The holiday season can be hectic, and with travel, family and festivities, it can be easy to let cyber safety take a back seat. However, it’s important to always keep security top of mind: Fraudsters take advantage of an increase in online shopping and traveling, and a decrease in attention, to target potential victims. According to the U.S. Federal Trade Commission, people reported losing $1.48 billion to fraud in 2018, an increase of 38% over 2017. “The top reports in 2018 were imposter scams, debt collection, and identity theft.” 1 Irrespective of where you are in the world, be on the alert for suspicious emails, calls or activity, especially if the sender requests personal or financial information or requests to remote in to your computer.
Ensuring cyber safety in the following key areas can help secure your personal information and help protect you against fraud:
- Be wary of suspicious emails, text messages and social media posts from people or companies you don’t know. Fraudsters take advantage of the holiday season to increase their phishing attempts, so it’s important to keep in mind that messages can include malware links or lead to online surveys that collect personal information.
- Avoid charity scams. During year-end giving, charities solicit donations from existing and potential donors. Always validate any change in payment instructions by calling the recipient on a known number, especially if the change is made at the last minute. Refer to Charity Navigator, America's largest independent charity evaluator, for guidelines to help protect against online scams, and ensure your donations are reaching the causes you wish to support.
- Be careful before downloading apps for well-known retailers, financial firms and products. Check app logos and descriptions for misspellings, missing letters or poor grammar, and look for other red flags, such as poor reviews, newly launched apps or links to apps from other retailers.
- Be careful with gift cards, Scammers are now using the same tactics they use to steal credit card information to steal gift card balances
- Create strong and unique passwords across shopping and financial websites, and enable multifactor authentication wherever offered. Consider a password management tool to help manage the passwords you have across online accounts.
- Do not click on ads, email or pop-up links, and type verified shopping and financial websites into the address bar instead of clicking on links from other sources.
- Make purchases only from reputable, secure sites (i.e., those with an https:// URL prefix); log out of websites and close the browser window after you complete a purchase.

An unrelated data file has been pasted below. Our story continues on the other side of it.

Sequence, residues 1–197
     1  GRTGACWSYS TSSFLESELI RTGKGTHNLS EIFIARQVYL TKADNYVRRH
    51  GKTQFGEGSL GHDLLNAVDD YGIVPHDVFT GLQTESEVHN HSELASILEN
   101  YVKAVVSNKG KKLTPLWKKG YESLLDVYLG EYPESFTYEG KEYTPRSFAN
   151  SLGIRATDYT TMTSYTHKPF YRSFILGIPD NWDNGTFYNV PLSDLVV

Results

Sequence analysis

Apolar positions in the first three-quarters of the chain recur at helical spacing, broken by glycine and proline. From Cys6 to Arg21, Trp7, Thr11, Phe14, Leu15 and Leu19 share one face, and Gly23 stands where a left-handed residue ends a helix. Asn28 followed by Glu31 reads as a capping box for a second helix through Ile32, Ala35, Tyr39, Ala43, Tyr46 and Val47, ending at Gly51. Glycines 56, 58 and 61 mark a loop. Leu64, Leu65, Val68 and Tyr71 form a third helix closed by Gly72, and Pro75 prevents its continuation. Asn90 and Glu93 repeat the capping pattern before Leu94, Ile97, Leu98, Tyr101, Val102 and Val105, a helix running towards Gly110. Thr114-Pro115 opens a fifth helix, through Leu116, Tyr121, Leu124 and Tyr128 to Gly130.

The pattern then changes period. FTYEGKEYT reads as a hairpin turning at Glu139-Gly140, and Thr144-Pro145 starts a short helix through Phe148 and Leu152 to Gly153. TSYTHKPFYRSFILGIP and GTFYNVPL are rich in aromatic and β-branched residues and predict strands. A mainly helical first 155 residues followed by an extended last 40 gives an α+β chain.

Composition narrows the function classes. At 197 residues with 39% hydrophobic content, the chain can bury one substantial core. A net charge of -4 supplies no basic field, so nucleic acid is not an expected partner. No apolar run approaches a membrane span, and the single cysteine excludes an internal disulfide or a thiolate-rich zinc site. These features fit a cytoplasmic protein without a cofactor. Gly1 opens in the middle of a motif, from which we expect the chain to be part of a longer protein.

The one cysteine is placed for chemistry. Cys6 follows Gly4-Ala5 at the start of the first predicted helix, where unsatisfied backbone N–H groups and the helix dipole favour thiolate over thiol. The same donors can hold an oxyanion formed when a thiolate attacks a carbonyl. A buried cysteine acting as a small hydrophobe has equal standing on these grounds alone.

- Treat transactions on payment apps as you would cash. Only send money to people you know and trust, and confirm the recipient’s username/contact information prior to completing the transaction.
- Set up online alerts on your financial accounts, and regularly monitor your credit and debit cards and bank statements for suspicious activity.
- Check your statements and credit reports. Remain vigilant and inquire about any suspicious activity to catch any attempt at identity theft before it escalates.
- Watch out for “skimming” devices on credit card readers, and opt to use the chip reader instead of the magnetic stripe for in-store purchases. A telltale sign that a skimmer has been attached to an ATM is that the card reader is loose; ensure you shield the keypad when entering your PIN or ZIP code.
- Keep your plans private. Do not post your intended travel plans, itinerary or location updates on social media prior to or during your trip. Create a social media agreement with family members to ensure they do the same, especially with children and teenagers traveling with you.
- Use trusted travel and vacation home rental services, and only message and send funds through the site’s payment and messaging tools. Don’t fall for deals that seem too good to be true; domains are inexpensive and easy for fraudsters to procure in order to create fake travel sites that capture your information—and money.
- Avoid using public WiFi at hotels, airports, cafés and on planes, as they are more likely to be compromised or spoofed.
- Consider installing and using a “virtual private network” (VPN)—on all mobile devices and computers before connecting to any WiFi network. A VPN creates an encrypted connection between your smartphones and computers and the VPN server.
Remember, J.P. Morgan will never:
- Ask you to log in to the same computer with more than one user’s credentials
- Ask you to repeatedly submit login credentials
- Contact you about online problems, such as logging in, if you haven’t contacted us first
For more of our insights, please visit our Cybersecurity site by clicking here.
1 Federal Trade Commission Consumer Information: “The top frauds of 2018.”